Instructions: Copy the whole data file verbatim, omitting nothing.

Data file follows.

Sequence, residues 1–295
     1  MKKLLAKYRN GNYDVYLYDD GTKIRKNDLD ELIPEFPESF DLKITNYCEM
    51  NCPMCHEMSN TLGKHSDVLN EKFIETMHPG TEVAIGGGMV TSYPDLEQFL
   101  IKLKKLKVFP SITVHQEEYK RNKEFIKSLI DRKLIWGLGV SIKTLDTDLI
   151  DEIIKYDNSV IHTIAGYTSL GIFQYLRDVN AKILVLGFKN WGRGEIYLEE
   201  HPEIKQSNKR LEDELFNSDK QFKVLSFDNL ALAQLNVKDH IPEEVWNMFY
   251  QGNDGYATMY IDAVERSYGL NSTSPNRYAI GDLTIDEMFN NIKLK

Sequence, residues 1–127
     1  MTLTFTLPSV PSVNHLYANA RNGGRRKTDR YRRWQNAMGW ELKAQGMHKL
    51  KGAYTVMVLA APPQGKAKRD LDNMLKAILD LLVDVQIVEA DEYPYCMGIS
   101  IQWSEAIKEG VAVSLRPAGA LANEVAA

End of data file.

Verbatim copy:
Sequence, residues 1–295
     1  MKKLLAKYRN GNYDVYLYDD GTKIRKNDLD ELIPEFPESF DLKITNYCEM
    51  NCPMCHEMSN TLGKHSDVLN EKFIETMHPG TEVAIGGGMV TSYPDLEQFL
   101  IKLKKLKVFP SITVHQEEYK RNKEFIKSLI DRKLIWGLGV SIKTLDTDLI
   151  DEIIKYDNSV IHTIAGYTSL GIFQYLRDVN AKILVLGFKN WGRGEIYLEE
   201  HPEIKQSNKR LEDELFNSDK QFKVLSFDNL ALAQLNVKDH IPEEVWNMFY
   251  QGNDGYATMY IDAVERSYGL NSTSPNRYAI GDLTIDEMFN NIKLK

Sequence, residues 1–127
     1  MTLTFTLPSV PSVNHLYANA RNGGRRKTDR YRRWQNAMGW ELKAQGMHKL
    51  KGAYTVMVLA APPQGKAKRD LDNMLKAILD LLVDVQIVEA DEYPYCMGIS
   101  IQWSEAIKEG VAVSLRPAGA LANEVAA